The Whipsnake (Coliber Caspius) is a type of snake, occurring mainly in the southeastern parts of Europe, including Bulgaria. It can reach up to 2.5 m in length. It's not poisonous, but it bites hard when it's threatened.
The Coliber Caspius is spread across much of the Balkan Peninsula, except its northwest areas. It also meets north of the Danube along its lower reaches, in Southern Ukraine and Moldavia, in the southern part of the Don and Volga basins to the Caucasus to the south and northwestern Kazakhstan to the east. It is also found in the Aegean islands, northern Turkey and an isolated region in northern Hungary. In Bulgaria it is distributed at an altitude of 1100 m, missing on the northern slopes of the mountains and the high fields in the western part of the country.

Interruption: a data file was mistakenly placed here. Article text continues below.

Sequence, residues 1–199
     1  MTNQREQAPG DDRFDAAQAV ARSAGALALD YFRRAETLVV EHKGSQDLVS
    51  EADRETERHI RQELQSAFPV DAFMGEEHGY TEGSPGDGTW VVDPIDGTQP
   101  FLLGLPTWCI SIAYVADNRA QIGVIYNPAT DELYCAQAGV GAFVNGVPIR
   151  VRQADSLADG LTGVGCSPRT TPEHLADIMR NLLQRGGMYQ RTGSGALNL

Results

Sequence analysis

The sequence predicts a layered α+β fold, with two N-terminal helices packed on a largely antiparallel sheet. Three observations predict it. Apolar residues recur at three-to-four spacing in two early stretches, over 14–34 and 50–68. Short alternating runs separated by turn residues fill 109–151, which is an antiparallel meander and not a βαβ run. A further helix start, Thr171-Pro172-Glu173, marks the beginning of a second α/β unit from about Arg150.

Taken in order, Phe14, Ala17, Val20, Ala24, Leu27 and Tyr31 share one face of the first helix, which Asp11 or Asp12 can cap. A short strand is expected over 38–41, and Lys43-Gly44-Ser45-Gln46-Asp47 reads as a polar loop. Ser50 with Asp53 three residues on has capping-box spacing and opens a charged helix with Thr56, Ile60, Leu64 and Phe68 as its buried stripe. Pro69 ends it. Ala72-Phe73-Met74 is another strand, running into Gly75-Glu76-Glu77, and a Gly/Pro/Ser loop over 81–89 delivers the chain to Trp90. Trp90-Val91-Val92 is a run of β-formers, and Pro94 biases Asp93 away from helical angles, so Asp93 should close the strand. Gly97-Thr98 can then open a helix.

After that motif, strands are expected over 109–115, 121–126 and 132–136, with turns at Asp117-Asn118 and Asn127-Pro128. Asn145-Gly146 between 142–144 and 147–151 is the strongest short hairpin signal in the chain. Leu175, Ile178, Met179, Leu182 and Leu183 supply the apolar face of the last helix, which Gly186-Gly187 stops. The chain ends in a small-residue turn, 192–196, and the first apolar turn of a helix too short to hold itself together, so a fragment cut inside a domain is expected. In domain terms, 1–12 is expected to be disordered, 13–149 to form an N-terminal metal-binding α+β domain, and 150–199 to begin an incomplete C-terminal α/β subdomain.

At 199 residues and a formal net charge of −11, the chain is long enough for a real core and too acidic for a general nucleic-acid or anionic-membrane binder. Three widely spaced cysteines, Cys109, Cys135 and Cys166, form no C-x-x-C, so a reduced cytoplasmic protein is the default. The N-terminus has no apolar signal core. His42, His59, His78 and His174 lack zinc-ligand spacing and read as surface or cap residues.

The Whipsnake inhabits steppe and rocky places, bushes and rare forests, as well as arable land. It is active during the day by climbing well on trees and shrubs. Its main food is rodents, lizards, other snakes, small birds. In mid-summer, females lay 6 to 18 round eggs of about 45 mm in size. The shooter flies winter alone or in a group of several dozen specimens in cavities in the soil or rocks. Winter sleep usually lasts from the end of October to the end of March, but sometimes some animals come to the surface and earlier when the weather is sunny.